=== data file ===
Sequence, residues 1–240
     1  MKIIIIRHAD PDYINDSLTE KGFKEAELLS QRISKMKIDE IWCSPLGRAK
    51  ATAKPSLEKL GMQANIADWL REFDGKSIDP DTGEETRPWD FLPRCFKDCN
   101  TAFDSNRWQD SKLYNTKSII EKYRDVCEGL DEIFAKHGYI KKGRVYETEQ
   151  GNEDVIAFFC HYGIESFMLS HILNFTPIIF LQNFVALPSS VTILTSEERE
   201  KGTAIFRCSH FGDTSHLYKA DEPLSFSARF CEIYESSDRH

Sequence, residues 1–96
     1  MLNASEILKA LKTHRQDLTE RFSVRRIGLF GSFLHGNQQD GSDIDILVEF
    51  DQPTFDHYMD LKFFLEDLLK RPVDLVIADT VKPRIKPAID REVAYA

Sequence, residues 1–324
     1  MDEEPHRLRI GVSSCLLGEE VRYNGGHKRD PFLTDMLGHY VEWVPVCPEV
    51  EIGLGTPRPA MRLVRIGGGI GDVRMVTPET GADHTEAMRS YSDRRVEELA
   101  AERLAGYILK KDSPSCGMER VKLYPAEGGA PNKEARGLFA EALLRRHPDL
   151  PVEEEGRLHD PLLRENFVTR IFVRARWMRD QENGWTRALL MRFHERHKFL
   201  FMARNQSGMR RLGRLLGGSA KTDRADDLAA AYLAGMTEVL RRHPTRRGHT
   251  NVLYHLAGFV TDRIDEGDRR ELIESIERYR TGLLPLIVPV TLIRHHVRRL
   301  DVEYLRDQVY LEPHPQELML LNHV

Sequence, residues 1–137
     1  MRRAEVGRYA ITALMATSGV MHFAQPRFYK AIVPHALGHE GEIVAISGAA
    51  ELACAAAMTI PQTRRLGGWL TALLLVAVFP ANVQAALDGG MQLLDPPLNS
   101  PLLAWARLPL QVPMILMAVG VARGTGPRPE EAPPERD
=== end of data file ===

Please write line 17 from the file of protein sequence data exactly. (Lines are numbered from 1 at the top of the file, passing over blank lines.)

   301  DVEYLRDQVY LEPHPQELML LNHV